09 Aug 2016 19:22 IST

Working with Microsoft and building confidence

At the end of the day, an internship is what you make of it

I joined IIM Indore after working for about three years as a software engineer at Symantec. My decision to pursue a course in management was not because I didn’t like coding anymore or had lost my passion for computers; instead I realised that over the years, I had also developed a passion for communication, planning and management.

This is why I was elated when Microsoft gave me the opportunity to intern with them as a programme manager at their Hyderabad campus for my summer internship.

I was part of the go-to-market team for mobile-only apps in the Office division. My project was to develop a strategy for two small and medium business mobile apps. The project seemed challenging as my prior work experience was in enterprise software products and not mobile apps.

This is where my experience at IIM Indore helped. The rigor of the courses in the first year instils confidence in you to tackle any business problem with a structured thought process.

One of my biggest takeaways from the internship was the importance of effective communication to a programme manager. As a PM, you constantly have to present your ideas to the rest of the team. You need to not only know what to present, but also how to present it. My mentor’s advice was “Be clear, concise and to the point”.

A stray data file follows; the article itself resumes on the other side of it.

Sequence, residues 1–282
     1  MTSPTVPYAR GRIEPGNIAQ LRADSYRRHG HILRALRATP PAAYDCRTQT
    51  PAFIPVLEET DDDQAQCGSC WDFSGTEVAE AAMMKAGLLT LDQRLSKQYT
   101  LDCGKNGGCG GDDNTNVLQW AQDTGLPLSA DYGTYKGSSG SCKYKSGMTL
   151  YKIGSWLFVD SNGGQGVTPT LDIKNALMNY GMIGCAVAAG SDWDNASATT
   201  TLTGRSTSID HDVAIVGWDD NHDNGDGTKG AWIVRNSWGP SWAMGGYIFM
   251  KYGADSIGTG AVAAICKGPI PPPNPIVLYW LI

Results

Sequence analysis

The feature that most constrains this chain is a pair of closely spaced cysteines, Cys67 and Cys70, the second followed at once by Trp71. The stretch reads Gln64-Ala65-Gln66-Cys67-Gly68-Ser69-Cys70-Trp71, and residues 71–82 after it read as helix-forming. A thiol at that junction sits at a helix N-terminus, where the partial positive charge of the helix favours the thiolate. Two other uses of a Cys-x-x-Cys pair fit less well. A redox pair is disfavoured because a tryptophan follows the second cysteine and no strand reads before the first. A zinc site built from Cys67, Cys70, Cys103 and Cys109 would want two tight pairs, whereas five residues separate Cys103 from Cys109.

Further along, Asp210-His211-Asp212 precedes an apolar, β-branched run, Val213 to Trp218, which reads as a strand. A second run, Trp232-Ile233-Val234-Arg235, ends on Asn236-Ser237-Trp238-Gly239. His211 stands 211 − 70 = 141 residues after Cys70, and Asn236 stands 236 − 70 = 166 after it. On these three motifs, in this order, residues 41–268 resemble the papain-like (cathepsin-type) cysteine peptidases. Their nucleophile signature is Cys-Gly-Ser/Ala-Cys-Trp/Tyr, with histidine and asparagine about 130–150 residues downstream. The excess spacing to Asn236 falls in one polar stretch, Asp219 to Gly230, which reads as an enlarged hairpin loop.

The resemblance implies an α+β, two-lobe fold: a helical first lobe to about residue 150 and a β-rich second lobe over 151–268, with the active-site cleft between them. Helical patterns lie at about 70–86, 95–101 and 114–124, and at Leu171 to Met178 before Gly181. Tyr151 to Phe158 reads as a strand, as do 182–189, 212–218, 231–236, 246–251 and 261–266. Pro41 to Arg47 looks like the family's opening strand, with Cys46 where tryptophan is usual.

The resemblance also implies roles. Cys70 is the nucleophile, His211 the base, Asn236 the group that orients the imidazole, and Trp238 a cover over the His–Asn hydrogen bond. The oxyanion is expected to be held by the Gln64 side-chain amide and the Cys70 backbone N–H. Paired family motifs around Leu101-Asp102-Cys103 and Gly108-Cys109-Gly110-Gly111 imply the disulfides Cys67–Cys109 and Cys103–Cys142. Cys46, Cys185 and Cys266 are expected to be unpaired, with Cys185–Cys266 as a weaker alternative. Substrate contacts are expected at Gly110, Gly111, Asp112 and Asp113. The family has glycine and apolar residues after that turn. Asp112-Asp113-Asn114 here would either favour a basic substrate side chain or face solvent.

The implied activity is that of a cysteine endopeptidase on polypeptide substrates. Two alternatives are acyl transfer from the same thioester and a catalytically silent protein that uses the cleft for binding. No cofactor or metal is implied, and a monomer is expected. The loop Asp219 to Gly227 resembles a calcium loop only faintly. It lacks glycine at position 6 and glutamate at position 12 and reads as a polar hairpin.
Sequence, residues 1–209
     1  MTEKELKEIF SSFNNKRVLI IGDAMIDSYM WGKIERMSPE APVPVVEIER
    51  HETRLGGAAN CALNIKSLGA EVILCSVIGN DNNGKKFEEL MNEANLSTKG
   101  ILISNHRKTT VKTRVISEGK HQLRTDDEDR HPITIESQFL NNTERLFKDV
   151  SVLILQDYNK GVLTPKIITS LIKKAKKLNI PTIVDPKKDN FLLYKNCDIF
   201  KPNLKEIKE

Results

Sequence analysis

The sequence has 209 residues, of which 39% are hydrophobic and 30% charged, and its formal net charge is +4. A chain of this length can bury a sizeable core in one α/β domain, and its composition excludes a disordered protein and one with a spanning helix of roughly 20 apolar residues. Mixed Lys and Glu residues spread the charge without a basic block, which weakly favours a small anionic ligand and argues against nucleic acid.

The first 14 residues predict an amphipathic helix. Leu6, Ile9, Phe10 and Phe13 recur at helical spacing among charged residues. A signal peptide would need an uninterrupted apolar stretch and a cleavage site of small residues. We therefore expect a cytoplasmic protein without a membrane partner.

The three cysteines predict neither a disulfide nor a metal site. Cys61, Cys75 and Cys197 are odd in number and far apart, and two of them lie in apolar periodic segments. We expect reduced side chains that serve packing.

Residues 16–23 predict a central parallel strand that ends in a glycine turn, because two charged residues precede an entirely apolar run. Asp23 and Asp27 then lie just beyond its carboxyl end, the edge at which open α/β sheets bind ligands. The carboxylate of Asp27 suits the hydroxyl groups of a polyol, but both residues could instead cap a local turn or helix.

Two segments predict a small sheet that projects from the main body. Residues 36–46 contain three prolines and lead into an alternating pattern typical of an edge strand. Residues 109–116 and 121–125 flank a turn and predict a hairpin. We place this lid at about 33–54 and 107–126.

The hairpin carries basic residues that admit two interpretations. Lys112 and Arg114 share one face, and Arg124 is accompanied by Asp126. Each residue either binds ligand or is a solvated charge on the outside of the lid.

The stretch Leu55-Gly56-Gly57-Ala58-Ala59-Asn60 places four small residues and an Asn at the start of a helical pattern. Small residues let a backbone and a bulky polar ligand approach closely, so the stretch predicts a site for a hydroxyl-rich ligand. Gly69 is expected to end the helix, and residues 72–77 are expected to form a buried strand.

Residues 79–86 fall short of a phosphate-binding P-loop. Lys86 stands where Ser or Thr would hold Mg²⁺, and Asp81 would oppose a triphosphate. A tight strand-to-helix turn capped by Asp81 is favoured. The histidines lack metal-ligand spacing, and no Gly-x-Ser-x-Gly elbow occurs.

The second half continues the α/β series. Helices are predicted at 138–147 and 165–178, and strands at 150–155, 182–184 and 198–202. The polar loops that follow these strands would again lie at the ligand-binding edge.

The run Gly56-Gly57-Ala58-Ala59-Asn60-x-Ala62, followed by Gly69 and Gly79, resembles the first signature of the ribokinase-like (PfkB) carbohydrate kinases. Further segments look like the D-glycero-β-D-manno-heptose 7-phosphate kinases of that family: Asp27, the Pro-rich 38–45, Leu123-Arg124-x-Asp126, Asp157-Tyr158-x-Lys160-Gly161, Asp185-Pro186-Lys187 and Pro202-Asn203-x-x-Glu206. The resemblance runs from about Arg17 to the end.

Also, as a PM you cannot work in a silo. You will have to take a lot of decisions that impact other teams as well. Getting a buy-in from various stakeholders before you go ahead with its implementation is extremely crucial for your project’s success.

At Microsoft, a lot of emphasis is given to generating original ideas that can be put into practice. There are special forums where you can pitch them to a wider audience and get feedback. I too presented a marketing idea I had for the apps in that forum. The work done by interns is taken very seriously at Microsoft: they do not differentiate between a full-time employee and an intern.

I got to be a part of an amazing team that did remarkable work and celebrated it remarkably as well. The two months went by in a flash, and I was right in the epicentre of all the action.

At the end of the day, an internship is what you make of it. There is no guide book that will give you a recipe for success. Will you make mistakes? Definitely. But what you learn from them is what makes you a valuable employee. Be active, be eager to learn and realise that you matter.

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